I have found that the easiest way to build my program argument list is as a vector of strings. However, execv expects an array of chars for the second argument. What's the easiest way to get it to accept of vector of strings?

  • 3
    You can't "get it to accept" anything it wasn't written to accept. You could, however, convert your input into a format it understands. – Mike Daniels Apr 26 '11 at 23:59

execv() accepts only an array of string pointers. There is no way to get it to accept anything else. It is a standard interface, callable from every hosted language, not just C++.

I have tested compiling this:

    std::vector<string> vector;
    const char *programname = "abc";

    const char **argv = new const char* [vector.size()+2];   // extra room for program name and sentinel
    argv [0] = programname;         // by convention, argv[0] is program name
    for (int j = 0;  j < vector.size()+1;  ++j)     // copy args
            argv [j+1] = vector[j] .c_str();

    argv [vector.size()+1] = NULL;  // end of arguments sentinel is NULL

    execv (programname, (char **)argv);
  • 1
    It looks like you're passing the program name twice to execv, since argv[0] is set as the program name. – node ninja Apr 27 '11 at 0:08
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    Yes, that is how execv() works. – wallyk Apr 27 '11 at 0:13
  • I'm getting all kinds of errors from the first line. – node ninja Apr 27 '11 at 0:14
  • When I try to compile the program, it complains about argv[0] = programname. It says test.cpp:10: error: expected constructor, destructor, or type conversion before ‘=’ token – node ninja Apr 27 '11 at 0:25
  • 1
    @wallyk: ...and the fact that the code is inside a function! See stackoverflow.com/questions/5798231/… – Greg Hewgill Apr 27 '11 at 1:18

The prototype for execv is:

int execv(const char *path, char *const argv[]);

That means the argument list is an array of pointers to null-terminated c strings.

You have vector<string>. Find out the size of that vector and make an array of pointers to char. Then loop through the vector and for each string in the vector set the corresponding element of the array to point to it.

  • The only problem with this approach is that std::string stores it's data typically without the null-terminator. You'd have to use std::string::c_str() or include the null-terminator in each string in the vector manuall, prior to calling execv(). – Hydranix Oct 18 '16 at 0:40

I stumbled over the same problem a while ago.

I ended up building the argument list in a std::basic_string<char const*>. Then I called the c_str() method and did a const_cast<char* const*> on the result to obtain the list in a format that execv accepts.

For composed arguments, I newed strings (ordinary strings made of ordinary chars ;) ), took their c_str() and let them leak.

The const_cast is necessary to remove an additional const as the c_str() method of the given string type returns a char const* const* iirc. Typing this, I think I could have used std::basic_string<char*> but I guess I had a reason...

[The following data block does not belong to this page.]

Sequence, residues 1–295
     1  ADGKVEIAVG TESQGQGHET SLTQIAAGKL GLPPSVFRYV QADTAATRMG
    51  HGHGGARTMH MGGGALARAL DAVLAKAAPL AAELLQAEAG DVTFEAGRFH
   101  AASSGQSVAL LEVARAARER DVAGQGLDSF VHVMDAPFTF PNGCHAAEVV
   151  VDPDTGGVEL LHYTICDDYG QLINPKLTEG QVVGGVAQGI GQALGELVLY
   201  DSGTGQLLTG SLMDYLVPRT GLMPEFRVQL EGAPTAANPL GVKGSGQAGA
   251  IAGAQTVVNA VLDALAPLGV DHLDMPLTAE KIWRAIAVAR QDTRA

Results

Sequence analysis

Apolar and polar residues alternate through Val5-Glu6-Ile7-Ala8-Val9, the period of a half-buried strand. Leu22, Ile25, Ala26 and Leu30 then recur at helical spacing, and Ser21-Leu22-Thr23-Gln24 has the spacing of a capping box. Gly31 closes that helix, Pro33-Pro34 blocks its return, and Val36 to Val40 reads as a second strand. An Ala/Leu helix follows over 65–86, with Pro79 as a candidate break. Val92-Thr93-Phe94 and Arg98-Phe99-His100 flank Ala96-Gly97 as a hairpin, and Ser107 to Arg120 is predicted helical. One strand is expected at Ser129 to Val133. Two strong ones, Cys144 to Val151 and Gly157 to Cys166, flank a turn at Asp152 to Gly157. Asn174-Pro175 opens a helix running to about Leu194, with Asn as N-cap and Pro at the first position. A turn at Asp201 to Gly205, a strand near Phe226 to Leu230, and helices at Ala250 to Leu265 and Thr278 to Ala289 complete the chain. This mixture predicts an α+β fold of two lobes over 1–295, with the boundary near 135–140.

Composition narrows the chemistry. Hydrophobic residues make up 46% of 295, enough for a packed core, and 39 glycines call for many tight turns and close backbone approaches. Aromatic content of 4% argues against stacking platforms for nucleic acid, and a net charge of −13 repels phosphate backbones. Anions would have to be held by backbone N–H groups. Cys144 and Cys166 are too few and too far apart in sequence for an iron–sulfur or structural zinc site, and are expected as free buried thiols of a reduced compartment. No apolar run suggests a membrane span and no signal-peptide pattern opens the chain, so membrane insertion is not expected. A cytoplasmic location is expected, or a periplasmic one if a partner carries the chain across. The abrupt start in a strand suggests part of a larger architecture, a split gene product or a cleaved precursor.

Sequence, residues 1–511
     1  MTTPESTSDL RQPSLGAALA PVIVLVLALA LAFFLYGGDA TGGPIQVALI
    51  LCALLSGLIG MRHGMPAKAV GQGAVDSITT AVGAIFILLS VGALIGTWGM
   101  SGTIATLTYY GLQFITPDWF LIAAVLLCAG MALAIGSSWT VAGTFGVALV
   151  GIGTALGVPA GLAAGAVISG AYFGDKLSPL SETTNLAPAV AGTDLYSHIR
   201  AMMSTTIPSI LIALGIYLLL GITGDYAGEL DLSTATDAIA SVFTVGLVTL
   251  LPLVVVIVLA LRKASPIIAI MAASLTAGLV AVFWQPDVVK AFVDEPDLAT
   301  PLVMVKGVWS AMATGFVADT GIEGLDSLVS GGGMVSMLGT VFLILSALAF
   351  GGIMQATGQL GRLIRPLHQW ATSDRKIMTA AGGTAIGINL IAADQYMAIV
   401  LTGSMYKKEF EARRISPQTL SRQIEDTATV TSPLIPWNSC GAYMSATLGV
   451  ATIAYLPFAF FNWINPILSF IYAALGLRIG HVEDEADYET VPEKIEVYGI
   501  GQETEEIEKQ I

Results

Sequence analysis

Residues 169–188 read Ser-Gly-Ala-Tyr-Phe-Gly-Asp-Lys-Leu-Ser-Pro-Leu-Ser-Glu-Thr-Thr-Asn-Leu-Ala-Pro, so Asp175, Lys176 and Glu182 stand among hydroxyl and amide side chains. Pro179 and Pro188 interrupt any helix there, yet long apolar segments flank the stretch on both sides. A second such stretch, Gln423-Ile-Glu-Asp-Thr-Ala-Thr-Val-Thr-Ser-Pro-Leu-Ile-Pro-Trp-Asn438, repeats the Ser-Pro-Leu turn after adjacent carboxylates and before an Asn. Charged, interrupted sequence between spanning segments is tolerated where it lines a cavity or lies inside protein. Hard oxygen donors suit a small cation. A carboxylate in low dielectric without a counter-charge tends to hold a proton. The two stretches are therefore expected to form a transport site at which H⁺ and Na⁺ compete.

I am well aware that the const-casting and memory leaking looks a bit rude and is indeed bad practise, but since execv replaces the whole process it won't matter anyway.


Yes, it can be done pretty cleanly by taking advantage of the internal array that vectors use. Best to not use C++ strings in the vector, and const_cast string literals and string.c_str()'s to char*.

This will work, since the standard guarantees its elements are stored contiguously (see https://stackoverflow.com/a/2923290/383983)

#include <vector>

using std::vector;

int main() {
  vector<char*> commandVector;

  // do a push_back for the command, then each of the arguments

  // push NULL to the end of the vector (execvp expects NULL as last element)

  const int status = execvp(command[0], &command[0]);
  return 0;

Do a const_cast to avoid the "deprecated conversion from string constant to 'char*'". String literals are implemented as 'const char*' in C++. const_cast is the safest form of cast here, as it only removes the const and does not do any other funny business. execvp will not edit the values anyway.

If you want to avoid all casts, you have to complicate this code by copying all the values to 'char*' types not really worth it.

Although if the number of arguments you want to pass to execv/execl is known, it's easier to write this in C.


You can't change the how execv works (not easily anyway), but you could overload the function name with one that works the way you want it to:

int execv(const string& path, const vector<string>& argv) {
    vector<const char*> av;
    for (const string& a : argv) {
    return execv(path.c_str(), &av[0]);

Of course, this may cause some confusion. You would be better off giving it a name other than execv().

NB: I just typed this in off the top of my head. It may not work. It may not even compile ;-)

  • 1
    it does not compile. something is wrong about converting &argv[0] from const char** to char* const* – PypeBros Nov 8 '18 at 14:50

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